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issue 42: May - June 2004 

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The
Celebrated Stripper
of Subfusc County

by Bruce Henricksen

       

Sometimes, leaning on my mop by the old suit of armor, I’d watch them through the window while I was cleaning up in the restaurant. Half the time Homer was late, and it was just Paula and Oscar in the parking lot next to Babe, our sky-blue stork, in the moonlight by the county road. To the naked eye, they didn’t match up real good back then. Oscar only amounts to about five-foot-nine and one-forty. His right knee can’t bend thanks to Vietnam, and he gobbled pain pills loose from his pockets—still does. Now Paula, though, she was a different load of beef back then. Everything about Paula was writ in spades, and her walking problems were a matter of payload.
      Oscar’s what you might call conversationally challenged, and folks joke that he needs a special license plate. In those courting days, standing at the window by Lancelot—we named that rusty heap of armor Lancelot—I’d imagine Oscar’s "yups" and "nopes" out there struggling to do romantic duty as he’d stare down at the gravel with the bats swooping overhead. From time to time he’d tip his head way back to look at Paula above the bosoms. And sometimes I’d get a tear in my eye from remembering about me and Irene when we were young, and how we had wished the stork would land on our porch. It’s strange how sometimes a memory can be soft and nice, and other times that same memory can feel like a swallowed stone. And often the memory of Irene would swoop from one to the other, from softness to hurt, just like those bats in the parking lot as I’d stand there with my mop and bucket at the restaurant window.
      Like I said, Paula was a big fat woman, six-foot-two and boo-coo pounds. If Paula took a notion to go calling, Homer, that’s her brother, he’d hoist her into the back of the 4x4 and check the tires. Homer’s a big man himself, strong as an ox, some say, and twice as smart. Paula is a patriot, and when they started talking on the TV news about how Americans better lose weight, and also when she saw how businesses in the county were suffering from the effects of the flood, well, Paula, she put two and two together and came up with the idea to be a stripper.
      "Say what?" Homer asked.
      Paula explained how stripping would trim the fat and raise public awareness, but Homer, who works at the paper mill down in Black Paw, he replied how he didn’t want to think of other things that might rise if guys from the mill were gawking at her shaking her booty like Jello. He was proud of that remark and repeated it to all the boys at the barber shop, stretching his grin around a row of gravestones that pass for teeth.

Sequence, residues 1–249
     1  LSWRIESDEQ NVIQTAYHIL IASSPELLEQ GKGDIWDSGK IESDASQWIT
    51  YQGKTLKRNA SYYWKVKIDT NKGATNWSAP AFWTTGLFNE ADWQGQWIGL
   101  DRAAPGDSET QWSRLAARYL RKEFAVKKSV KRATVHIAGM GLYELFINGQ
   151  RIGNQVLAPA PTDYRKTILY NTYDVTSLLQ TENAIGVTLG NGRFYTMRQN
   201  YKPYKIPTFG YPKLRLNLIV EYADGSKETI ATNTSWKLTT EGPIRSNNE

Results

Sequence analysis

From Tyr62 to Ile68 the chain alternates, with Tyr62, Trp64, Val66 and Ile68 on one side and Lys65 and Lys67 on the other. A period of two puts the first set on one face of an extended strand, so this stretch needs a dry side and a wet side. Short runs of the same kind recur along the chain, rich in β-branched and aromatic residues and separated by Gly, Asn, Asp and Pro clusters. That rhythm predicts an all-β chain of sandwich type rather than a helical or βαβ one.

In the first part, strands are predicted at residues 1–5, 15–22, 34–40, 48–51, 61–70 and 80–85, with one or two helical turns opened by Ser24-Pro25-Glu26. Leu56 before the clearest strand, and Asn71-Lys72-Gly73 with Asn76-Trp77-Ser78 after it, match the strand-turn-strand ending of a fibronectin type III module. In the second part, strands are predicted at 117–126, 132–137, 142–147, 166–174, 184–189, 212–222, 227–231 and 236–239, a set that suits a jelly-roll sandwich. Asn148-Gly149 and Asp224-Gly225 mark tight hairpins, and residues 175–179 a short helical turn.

"And besides," Homer told her, "you can’t dance a lick that I ever seen. Strippers gotta dance, you know. It ain’t just standing there strugglin’ out of them bib overalls."
      But Paula was determined, and this is how me and my friend Ole fit in. There had been hard times up where I worked on the Mesabi Iron Range, still are. There’s folks up there happy to eat crow soup, and that ain’t just an expression. Anyway, after Irene passed away I lost my job, and that little split-entry house where we had lived together all those years became a haunted place. So I packed up some stuff, sold the house, and moved down here to Cold Beak.
      I wasn’t sure what I’d do with myself here, but pretty quick Providence showed up disguised as a defunct fried chicken place for sale on the county road out by I35, not far from where the New Hope River winds through our valley and makes it so pretty, nothing like what you might think just hearing a name like Cold Beak. Me and Ole, we figured we know a business opportunity when it puts its paws on your chest and licks your face, and we snapped that old chicken place right up.
      So we set to fixing it into a fancy supper club with lots of red felt and mirrors to cover where the windows were boarded. It was good, after all that sadness up on the Range, to be building something. Ole and me sang and sawed and hammered away, pausing at noon to unwrap sandwiches and pickles, which we ate quick so’s they wouldn’t get dirty, then plunging back into creativity, which the ignorant might have called pandemonium. Ole even had the idea to paint pictures on the ceiling, like in that church that you hear about in Italy, but we finally figured we’d best let that dog rest.
      One afternoon, it was May and the weather had just turned warm, we were outside figurin’ where to put the plaster stork as we waited for Lars Johnson, the plumber, to show his bony face. Lars had vowed to make every effort to be there that day, "every effort" being the workman’s escape clause—the fine print in the verbal agreement. Oscar, who’s my younger brother, was there that day pretending to help when Homer pulled up in his Dodge Ram with Paula as cargo in a big cushioned chair. It was like she was the Queen of Mardi Gras up there with her blond curls popping out in all directions like bed springs. Hauling Paula down onto solid ground wasn’t something you undertook just for small talk, so me and Ole and Oscar walked on over so she could stay put. The saplings that we had planted off to one side of the parking lot leaned on their crutches and gawked at the show.